This kind of Ubuntu Art should be perceived as an integral part of the African Renaissance, which should not merely be dominated by symbols of power, egotism, money and propaganda, but is far more holistic and as such can be instrumental for such a holistic education, that can contribute to the healing of our land with its diverse cultures and traditions.
Among the rich and varied collection of artefacts, is an exceptional and beautiful collection of beads, emanating from the different Southern African Tribes, including Zulu, Xhosa, Ndebele, the Shona from Swaziland, the Himba, and the Herero from Namibia. This magnificent collection illustrates the significance and use of beads to portray social identity, tradition and indeed spirituality.
There is also an extraordinary collection of thirty life-sized puppets, clothed in ceremonial attire, representing the diverse ethnographic districts. Each of these has a very specific dress code: the colour, material and design of clothing and jewelry indicate the geographical location of the wearer, the age, gender and social status.
The making of milk pails, also found in the Museum, has a symbolic link to the ancestors and were whittled from specific trees, beautifully shaped and decorated with the specific markings of the tribe concerned. The Museum also houses some distinctive items of pottery, such as the beautiful, perfectly hand-shaped pit-fired uKhamba or beer pots. Beer is traditionally brewed in honour of the ancestors, and consequently respected and presented in vessels fashioned with the utmost skill and talent in a way that is respectful of the community and its traditions. There is a collection of large, functional storage and brewing pots made by highly respected and esteemed potters in the country.
The Museum prides itself in wirework snuff containers dating back to the 1900s and other wire art forms such as the traditional Zulu baskets in telephone wire. Other artefacts of intricate work with wire include plaited walking, fighting and divining sticks that personalised these precious items for their owners.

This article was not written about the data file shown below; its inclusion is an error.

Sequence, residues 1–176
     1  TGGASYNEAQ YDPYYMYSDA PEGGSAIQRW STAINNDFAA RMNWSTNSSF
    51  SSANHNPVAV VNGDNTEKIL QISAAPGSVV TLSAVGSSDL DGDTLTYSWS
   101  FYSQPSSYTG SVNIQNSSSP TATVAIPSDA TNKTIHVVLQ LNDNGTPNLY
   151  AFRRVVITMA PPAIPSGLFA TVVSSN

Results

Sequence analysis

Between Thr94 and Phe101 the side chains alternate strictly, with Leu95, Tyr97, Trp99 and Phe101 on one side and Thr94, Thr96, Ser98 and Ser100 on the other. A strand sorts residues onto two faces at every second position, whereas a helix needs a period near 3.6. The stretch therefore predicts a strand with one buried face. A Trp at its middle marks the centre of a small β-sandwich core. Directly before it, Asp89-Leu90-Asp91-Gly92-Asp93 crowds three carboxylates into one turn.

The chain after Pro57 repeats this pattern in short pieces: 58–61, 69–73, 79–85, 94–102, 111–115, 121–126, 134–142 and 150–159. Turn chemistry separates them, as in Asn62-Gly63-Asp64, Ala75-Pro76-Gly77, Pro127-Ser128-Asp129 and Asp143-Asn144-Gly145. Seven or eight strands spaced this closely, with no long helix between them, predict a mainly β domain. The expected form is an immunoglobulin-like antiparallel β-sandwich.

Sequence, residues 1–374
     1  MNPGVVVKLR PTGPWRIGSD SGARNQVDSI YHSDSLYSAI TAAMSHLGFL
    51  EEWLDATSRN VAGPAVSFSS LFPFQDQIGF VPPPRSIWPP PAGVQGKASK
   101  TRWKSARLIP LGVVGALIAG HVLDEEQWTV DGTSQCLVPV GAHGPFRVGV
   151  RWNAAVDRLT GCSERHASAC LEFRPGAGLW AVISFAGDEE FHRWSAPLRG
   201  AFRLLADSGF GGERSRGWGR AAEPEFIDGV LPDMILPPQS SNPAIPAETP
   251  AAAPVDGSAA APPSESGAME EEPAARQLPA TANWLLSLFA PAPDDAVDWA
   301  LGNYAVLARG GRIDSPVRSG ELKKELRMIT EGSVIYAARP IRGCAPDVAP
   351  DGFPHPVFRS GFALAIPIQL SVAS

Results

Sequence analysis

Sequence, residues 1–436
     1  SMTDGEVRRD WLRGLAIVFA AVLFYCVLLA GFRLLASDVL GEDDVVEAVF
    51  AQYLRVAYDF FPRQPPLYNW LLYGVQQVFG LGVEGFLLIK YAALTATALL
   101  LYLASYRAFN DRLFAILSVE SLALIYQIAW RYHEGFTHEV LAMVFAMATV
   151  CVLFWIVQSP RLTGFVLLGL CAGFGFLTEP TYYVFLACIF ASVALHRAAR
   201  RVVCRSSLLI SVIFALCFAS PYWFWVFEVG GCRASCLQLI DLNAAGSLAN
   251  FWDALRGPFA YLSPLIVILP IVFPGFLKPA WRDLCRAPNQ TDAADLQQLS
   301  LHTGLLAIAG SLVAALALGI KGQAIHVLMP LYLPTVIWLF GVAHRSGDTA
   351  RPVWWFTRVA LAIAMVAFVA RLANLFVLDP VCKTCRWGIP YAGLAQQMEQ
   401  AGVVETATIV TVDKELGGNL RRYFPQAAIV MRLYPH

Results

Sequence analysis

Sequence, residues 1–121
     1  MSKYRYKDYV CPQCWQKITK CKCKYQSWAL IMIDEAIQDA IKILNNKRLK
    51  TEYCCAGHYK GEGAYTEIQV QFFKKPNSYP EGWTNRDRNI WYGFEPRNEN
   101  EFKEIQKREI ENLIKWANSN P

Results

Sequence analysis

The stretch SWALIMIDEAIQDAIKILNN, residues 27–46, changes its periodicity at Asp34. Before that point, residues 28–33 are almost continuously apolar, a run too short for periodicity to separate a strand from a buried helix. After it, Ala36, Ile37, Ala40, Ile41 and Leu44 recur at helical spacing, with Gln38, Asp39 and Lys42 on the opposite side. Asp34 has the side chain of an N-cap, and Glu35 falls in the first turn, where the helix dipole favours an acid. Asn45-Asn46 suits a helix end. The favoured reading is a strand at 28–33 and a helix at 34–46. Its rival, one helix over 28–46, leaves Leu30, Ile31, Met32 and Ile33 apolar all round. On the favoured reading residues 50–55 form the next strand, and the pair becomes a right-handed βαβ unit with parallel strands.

In 2015, the Museum received, on loan, the collection of the late Frank Jolles, one of the world’s leading scholars on South African bead and African material culture artefacts. This includes a collection of wedding cloaks, clay vessels and exceptionally carved pails and platters.
It has a newly established reference library, designated the Paul Mikula Collection with research space available to those interested in researching the material available. Of particular interest are the works of Barbara Tyrell, a younger contemporary of Esther Roberts, who spent a lifetime recording the culture of the diverse tribes of South Africa.
The Museum recognises the importance of reaching out to diverse communities, and hosts school groups from both rural areas and the townships. For many learners, this is their first visit to a museum. Local and overseas tourists are also welcomed. For the past twenty- two years, the Museum, together with the Bartle Arts Trust, has produced a cultural calendar. Competitions for the learners are based on the knowledge found in the calendars.
The African Renaissance presents a challenge and opportunity for all who live on the Continent. This Museum and its collections can provide information and understanding of not only who we are but also the genesis of our culture and traditions, and how we can use this information in the contemporary world. The artefacts and art of Africa also provide an entrée to the philosophy and spirituality of indigenous people in their rich diversity. In this regard the Phansi Museum makes an important singular contribution.
What is interesting is that the Phansi Museum has its genesis in the legacy of Esther Roberts and therefore has an anthropological character part of the Western liberal canon; the two traditions are complementary and mutually enriching. The Museum is most certainly deserving a visit by interested persons, and of support in every way.
George Devenish is Emeritus Professor at UKZN and one of the scholars who assisted in drafting the Interim Constitution in 1993